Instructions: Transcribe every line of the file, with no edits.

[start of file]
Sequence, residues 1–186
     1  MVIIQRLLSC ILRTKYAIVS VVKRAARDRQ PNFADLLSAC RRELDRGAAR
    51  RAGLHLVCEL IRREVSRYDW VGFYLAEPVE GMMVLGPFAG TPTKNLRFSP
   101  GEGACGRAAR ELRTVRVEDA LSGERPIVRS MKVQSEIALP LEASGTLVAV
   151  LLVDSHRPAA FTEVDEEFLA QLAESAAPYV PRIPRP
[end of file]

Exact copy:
Sequence, residues 1–186
     1  MVIIQRLLSC ILRTKYAIVS VVKRAARDRQ PNFADLLSAC RRELDRGAAR
    51  RAGLHLVCEL IRREVSRYDW VGFYLAEPVE GMMVLGPFAG TPTKNLRFSP
   101  GEGACGRAAR ELRTVRVEDA LSGERPIVRS MKVQSEIALP LEASGTLVAV
   151  LLVDSHRPAA FTEVDEEFLA QLAESAAPYV PRIPRP